Microsoft has released 10 security patches for 22 holes, including seven "critical" patches that could give remote attackers control of your system through the company's software.

The software giant advised customers to download and install critical patches for a wide range of products as soon as possible. Windows, the Exchange e-mail server and Microsoft Office are all affected. The updates, MS04-029 to MS04-038, can be reviewed on its website.

The holes come in a number of critical components, including Windows components for handling SMTP, used for sending and receiving e-mail, and NNTP traffic, as well as a Windows feature for processing compressed ZIP files.

The slew of vulnerabilities will cause headaches for sysadmins rushing to distribute the patches before code to exploit the vulnerabilities is released on the Internet.

The most critical for business are MS04-035, which patches the SMTP hole, and MS04-036, which plugs the hole in Windows handling of NNTP, a protocol used to manage traffic to and from Internet news groups.

Both the vulnerabilities affect servers running at the enterprise gateway and will need to be patched as soon as possible, especially with the threat of remote exploit and code execution, said Brian Mann, manager of McAfee's Emergency Response Team. The disclosed vulnerability in Windows handling of ZIP folders is also dangerous, because it affects machines running Windows Server and Windows XP, he said.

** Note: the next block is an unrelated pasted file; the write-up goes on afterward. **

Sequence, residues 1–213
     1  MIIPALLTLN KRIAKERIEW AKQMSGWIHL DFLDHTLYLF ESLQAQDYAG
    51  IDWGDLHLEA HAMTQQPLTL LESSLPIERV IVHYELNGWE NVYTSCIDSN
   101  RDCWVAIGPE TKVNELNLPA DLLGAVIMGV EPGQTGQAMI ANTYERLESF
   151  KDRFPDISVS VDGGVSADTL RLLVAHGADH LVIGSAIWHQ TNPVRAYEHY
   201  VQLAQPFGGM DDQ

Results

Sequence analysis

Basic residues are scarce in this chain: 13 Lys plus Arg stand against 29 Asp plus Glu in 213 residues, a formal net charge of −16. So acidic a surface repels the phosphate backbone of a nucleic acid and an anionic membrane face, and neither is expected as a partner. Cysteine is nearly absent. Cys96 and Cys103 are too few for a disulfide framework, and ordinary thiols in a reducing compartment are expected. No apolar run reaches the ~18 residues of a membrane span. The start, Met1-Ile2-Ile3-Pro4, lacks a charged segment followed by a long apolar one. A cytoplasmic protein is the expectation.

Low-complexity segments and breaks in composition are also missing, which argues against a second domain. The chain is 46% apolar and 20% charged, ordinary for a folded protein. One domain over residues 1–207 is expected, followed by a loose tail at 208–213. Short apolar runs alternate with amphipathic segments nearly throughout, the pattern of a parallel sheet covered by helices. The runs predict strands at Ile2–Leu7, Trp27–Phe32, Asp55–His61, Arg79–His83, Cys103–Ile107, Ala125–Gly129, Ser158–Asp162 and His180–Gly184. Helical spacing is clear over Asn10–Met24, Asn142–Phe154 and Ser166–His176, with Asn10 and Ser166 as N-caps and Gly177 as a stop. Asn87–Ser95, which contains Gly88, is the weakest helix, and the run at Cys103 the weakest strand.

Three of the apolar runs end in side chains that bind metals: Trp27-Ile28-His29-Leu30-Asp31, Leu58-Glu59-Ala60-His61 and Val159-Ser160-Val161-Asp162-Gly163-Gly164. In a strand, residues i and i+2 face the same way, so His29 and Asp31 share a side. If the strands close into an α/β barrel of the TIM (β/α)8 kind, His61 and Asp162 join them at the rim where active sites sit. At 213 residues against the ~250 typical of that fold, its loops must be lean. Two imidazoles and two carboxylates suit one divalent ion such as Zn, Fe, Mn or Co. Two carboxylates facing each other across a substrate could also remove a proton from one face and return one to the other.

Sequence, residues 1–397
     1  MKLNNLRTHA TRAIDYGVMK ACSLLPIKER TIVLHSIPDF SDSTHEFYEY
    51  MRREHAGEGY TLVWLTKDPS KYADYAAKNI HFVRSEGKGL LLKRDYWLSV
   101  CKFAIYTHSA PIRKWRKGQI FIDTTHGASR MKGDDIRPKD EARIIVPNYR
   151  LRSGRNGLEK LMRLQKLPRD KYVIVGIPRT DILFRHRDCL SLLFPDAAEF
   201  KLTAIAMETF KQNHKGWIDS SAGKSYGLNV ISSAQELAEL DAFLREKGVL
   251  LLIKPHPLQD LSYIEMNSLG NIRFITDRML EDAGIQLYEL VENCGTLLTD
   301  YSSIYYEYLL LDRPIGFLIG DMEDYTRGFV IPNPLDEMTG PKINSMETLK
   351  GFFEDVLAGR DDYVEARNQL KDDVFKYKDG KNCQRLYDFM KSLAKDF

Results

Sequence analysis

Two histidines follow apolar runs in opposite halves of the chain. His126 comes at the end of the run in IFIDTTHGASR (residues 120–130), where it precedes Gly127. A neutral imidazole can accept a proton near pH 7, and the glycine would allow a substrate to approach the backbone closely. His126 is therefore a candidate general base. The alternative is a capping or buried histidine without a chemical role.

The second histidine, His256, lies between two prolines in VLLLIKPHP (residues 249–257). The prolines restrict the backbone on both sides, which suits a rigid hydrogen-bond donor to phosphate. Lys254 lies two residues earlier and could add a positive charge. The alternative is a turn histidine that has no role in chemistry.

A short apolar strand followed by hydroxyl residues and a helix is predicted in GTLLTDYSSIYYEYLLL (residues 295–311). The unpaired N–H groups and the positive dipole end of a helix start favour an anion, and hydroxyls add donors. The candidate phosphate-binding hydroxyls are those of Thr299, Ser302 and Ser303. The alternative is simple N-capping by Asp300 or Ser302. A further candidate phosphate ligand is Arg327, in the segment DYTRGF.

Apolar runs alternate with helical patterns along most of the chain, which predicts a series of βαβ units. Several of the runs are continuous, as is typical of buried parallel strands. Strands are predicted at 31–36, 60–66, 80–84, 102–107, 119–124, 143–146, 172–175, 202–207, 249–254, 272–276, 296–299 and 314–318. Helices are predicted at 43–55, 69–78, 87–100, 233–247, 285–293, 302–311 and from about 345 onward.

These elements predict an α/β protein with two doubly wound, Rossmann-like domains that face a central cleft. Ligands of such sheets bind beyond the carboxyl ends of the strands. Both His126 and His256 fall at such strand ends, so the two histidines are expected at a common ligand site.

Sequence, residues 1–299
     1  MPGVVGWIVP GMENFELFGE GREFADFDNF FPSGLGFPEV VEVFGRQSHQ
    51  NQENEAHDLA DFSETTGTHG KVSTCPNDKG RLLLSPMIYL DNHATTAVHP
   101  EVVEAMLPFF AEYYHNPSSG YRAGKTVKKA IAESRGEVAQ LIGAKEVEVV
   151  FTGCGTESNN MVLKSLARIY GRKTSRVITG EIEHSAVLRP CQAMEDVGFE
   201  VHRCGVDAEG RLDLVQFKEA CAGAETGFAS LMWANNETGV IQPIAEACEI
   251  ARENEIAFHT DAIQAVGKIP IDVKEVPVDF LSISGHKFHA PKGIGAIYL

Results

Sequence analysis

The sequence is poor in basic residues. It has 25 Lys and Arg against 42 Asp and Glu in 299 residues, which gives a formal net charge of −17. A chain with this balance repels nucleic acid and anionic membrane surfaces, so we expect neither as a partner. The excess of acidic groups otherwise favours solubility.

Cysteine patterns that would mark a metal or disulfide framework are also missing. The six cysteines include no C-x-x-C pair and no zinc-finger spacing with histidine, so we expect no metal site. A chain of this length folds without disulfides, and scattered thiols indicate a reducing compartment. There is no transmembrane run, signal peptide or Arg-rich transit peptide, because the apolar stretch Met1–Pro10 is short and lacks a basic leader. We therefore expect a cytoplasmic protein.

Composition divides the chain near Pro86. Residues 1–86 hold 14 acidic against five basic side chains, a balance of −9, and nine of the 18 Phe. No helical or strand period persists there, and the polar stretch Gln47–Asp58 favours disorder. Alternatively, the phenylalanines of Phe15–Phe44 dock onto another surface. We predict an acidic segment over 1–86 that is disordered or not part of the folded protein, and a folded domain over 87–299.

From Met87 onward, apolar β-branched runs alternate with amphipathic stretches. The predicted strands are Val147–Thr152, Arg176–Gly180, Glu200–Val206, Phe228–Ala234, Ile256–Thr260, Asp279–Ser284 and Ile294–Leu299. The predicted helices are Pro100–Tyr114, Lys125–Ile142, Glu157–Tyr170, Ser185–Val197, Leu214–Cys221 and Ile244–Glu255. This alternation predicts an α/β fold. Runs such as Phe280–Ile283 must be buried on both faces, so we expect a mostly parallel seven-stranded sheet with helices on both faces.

For that vulnerability, a buffer overflow can be created on Windows by zip files specially crafted to trigger the vulnerability. Windows users would have to download and open the files from a website or double click on a malicious zip file in an e-mail to trigger the buffer overflow. However, zips are a common form of e-mail attachment, and virus writers are already fond of using the compressed files to deliver malicious payloads.

Administrators should also hurry to apply cumulative software patches for Windows (MS04-032) and the Internet Explorer browser (MS04-038), said Thor Larholm, senior security researcher at PivX Solutions.

Malicious code that exploits vulnerabilities covered by those patches, including flaws in a Windows component called Windows Shell and a vulnerability in the way Internet Explorer handles drag and drop events, is already circulating on the Internet, he said.

While there were no major surprises in the October batch of patches, the sheer number of vulnerabilities disclosed will keep administrators busy, especially with the short window of time between the publication of a software patch the development of exploit code that takes advantage of it.

PivX estimates that new exploit code for vulnerabilities typically appears within 10 days of a patch being released or publicised.